“India will never become a Hindu Rashtra, it will be governed by a Constitution,” said Arjun Singh Kakodiya, addressing tribals in Seoni. Kakodiya is a tribal leader and sitting legislator of the Congress party from Barghat Assembly seat of Seoni.

After 14 men of the Right-wing organisation were accused of lynching two tribals on suspicion of cow slaughter in 2021, Kakodiya had demanded a ban on Bajrang Dal and demolition of the home of the accused. Instead, the government transferred the Seoni Superintendent of Police. 

Some Hindu outfits, on the contrary, announced a shutdown in Seoni against Kakodiya’s statement, the following day. But their call did not get support from local residents.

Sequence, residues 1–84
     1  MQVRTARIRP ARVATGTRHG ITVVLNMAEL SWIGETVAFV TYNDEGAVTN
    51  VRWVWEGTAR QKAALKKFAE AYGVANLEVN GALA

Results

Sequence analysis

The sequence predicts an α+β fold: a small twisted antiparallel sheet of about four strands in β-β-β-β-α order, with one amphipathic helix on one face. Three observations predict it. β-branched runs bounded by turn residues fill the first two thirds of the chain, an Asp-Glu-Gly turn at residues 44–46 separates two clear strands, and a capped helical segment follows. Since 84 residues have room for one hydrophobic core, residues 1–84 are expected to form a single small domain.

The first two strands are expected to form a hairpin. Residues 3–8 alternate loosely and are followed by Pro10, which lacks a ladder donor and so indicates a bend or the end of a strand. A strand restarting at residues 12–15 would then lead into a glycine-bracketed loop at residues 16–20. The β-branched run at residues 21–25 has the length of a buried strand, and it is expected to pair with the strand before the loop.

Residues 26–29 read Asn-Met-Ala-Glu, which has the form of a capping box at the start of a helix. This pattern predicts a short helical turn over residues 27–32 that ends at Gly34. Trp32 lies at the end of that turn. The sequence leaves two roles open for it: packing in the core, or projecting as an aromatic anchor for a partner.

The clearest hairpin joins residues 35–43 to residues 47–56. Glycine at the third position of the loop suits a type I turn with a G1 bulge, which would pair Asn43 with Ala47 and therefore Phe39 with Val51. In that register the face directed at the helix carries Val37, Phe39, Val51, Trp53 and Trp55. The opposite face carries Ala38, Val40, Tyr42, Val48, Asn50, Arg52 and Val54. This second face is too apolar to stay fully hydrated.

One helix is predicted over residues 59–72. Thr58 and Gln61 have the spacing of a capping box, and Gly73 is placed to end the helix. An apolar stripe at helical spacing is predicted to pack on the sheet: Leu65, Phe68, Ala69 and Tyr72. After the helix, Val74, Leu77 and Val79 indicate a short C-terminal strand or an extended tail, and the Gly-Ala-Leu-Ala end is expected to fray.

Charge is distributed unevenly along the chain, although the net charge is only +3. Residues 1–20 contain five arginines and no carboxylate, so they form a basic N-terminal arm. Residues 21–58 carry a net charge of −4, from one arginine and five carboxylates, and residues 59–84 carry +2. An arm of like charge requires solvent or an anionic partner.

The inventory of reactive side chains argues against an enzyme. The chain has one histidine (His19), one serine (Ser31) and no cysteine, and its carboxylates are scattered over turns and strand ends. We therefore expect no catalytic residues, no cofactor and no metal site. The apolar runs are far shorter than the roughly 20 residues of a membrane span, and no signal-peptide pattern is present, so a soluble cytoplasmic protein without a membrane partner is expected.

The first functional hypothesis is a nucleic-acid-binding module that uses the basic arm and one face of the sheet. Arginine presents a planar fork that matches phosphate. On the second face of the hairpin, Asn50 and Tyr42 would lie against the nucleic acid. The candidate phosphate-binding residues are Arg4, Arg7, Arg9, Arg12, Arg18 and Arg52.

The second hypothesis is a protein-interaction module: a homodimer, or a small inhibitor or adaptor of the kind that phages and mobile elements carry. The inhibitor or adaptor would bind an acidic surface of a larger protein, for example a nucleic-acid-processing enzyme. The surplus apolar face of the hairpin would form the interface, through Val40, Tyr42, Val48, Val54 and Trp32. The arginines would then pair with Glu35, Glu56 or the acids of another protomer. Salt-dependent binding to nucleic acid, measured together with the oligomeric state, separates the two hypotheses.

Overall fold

Bhaiyalal Kunjam, a tribal who took part in the World Tribal Day procession in Seoni, said, “The Centre as well as state government is constantly attacking the essence of the Constitution. They are tweaking laws to get absolute power. Secularism is under threat and there are attempts to make India a Hindu Rashtra.”

“Tribals are being framed as Naxalites, and Muslims as terrorists,” he lamented in local dialect, wearing a yellow turban and tribal outfit.  

The tribal community is at the helm of Madhya Pradesh’s politics after they inclined towards Congress in the 2018 Assembly polls. With state elections three months away, both the key parties are trying to consolidate tribal voters. On one hand, the ruling Bharatiya Janata Party (BJP)  is trying to win back its lost tribal votes, while on the other, Congress is trying to hold tribal voters within its fold.